The Marine Sextant

• Learning Objectives
• Know the purpose of a marine sextant. • Apply proper procedures to determine the observed altitude (Ho) of a celestial body.

The Marine Sextant
• A marine sextant is nothing more than a device designed to measure the angle between two objects with a great deal of precision. • In celestial navigation, these two objects are
– a celestial body (star, sun, moon, or planet) – the visible horizon


Use of the Sextant • A sextant is used to determine the sextant altitude (hs) of a celestial body. • First. • When making an observation. the star should look as shown in the next slide. we have to decide which stars to observe.. this is done using a Rude Starfinder or other methods. ..


which we need to use the altitude-intercept method. .Determination of Observed Altitude (Ho) • We must make some corrections to hs to come up with the Ho.

Determination of Observed Altitude (Ho) • These corrections account for – index error (error in the sextant itself) – difference between visible and celestial horizon. due to the observer’s height of eye – adjustment to equivalent reading at the center of the earth and the center of the body – refractive effects of the earth’s atmosphere .

. this is known as index error. the view looks like the next slide.Index Correction • There may be some error present in the sextant itself.. • This is easily determined by setting the sextant to zero and observing the horizon. if there is no error..


often there is a slight error. In this case. the view looks a little different… .Index Correction • However.


Index Correction • To account for this error. we apply an index correction (IC). .

...Dip Correction • Next. we must account for the difference between the celestial horizon and the visible horizon. due to our height of eye. • The need for this correction is illustrated on the next slide. • This is known as the dip correction.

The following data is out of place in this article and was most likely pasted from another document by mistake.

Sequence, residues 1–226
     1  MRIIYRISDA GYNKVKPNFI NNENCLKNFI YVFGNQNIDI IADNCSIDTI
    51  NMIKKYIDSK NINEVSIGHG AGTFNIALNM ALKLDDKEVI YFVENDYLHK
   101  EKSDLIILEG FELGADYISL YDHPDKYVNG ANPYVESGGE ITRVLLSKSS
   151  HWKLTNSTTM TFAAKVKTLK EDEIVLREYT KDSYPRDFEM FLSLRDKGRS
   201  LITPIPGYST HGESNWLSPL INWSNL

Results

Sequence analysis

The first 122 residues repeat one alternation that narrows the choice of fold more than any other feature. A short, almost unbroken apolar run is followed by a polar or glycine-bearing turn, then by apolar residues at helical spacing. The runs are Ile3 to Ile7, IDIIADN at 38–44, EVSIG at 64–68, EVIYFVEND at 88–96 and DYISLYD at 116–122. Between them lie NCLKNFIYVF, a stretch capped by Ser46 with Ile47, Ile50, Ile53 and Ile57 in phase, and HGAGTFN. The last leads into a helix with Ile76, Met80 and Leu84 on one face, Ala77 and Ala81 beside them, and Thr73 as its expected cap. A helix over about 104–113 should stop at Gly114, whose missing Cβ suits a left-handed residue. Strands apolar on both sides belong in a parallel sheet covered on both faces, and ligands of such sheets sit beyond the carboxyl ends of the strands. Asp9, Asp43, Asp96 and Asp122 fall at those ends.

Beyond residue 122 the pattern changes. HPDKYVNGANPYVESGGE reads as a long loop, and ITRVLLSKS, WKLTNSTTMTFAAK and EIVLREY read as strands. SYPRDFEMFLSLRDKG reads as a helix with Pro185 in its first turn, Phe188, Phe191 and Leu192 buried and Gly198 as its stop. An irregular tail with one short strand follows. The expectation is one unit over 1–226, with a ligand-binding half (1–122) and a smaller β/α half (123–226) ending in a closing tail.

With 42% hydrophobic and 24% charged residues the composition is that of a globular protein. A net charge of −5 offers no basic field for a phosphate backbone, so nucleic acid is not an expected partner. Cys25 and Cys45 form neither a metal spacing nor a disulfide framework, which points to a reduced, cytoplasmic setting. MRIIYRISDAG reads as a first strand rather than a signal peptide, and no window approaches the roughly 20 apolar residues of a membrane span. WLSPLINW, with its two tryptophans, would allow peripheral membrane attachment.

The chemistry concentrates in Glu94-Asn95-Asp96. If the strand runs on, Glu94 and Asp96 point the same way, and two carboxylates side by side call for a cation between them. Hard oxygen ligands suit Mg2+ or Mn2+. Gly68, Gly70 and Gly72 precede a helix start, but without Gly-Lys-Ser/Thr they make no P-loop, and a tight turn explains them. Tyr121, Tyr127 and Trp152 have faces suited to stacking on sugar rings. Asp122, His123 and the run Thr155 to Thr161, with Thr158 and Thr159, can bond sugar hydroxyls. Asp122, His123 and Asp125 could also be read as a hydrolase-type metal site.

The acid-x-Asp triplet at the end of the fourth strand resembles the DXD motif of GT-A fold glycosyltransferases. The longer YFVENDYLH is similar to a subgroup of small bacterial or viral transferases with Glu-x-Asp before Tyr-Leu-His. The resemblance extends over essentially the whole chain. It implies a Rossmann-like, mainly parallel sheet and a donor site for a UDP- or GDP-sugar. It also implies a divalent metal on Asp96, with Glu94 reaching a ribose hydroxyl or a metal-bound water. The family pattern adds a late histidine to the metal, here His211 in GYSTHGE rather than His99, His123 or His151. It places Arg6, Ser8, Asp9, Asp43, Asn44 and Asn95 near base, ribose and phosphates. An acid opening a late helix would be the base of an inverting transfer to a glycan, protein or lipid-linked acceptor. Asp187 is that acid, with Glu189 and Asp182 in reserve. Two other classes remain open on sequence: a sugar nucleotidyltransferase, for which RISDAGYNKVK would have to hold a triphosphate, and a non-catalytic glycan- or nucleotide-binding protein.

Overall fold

• Values of the dip correction are tabulated inside the front cover of the Nautical Almanac.Dip Correction • The dip correction is dependent upon the observer’s height of eye. .

Apparent Altitude • Now. ha = hs + IC + dip . • Simply put. we can determine the apparent altitude (ha). by applying the IC and the dip correction.

• This correction is known as the altitude correction and is tabulated inside the front cover of the Nautical Almanac. ..Altitude Correction • The last major correction accounts for the refractive effects of the earth’s atmosphere. • The next slide illustrates the need for this correction..

Altitude Correction .

Determination of Ho • The corrections needed to convert from the sextant altitude (hs) to observed altitude (Ho) are – IC (sextant error) – Dip (height of eye) – Altitude (refractive effects) .

• An additional correction is required if the observation is made under non-standard conditions of temperature or pressure.Additional Corrections • These corrections are all that are needed under normal circumstances to determine Ho of a star. .

Venus. we must also accout for – horizontal parallax (sun. or planets. and Mars) – semidiameter of the body (sun and moon) – augmentation (moon) . moon.Additional Corrections • If we are using the sun. moon. • In addition to the corrections we already mentioned. the problem becomes a bit more complicated.

Additional Corrections • These additional corrections make determination of Ho for the sun. • For simplicity’s sake. moon. and planets generally more difficult than those for a star. we’ll stick to determination of Ho for a star .

called a strip chart... • An example of a strip chart used for calculating Ho of Dubhe is shown on the next slide. . we normally use a form.Use of a Strip Chart • To walk us through the calculation.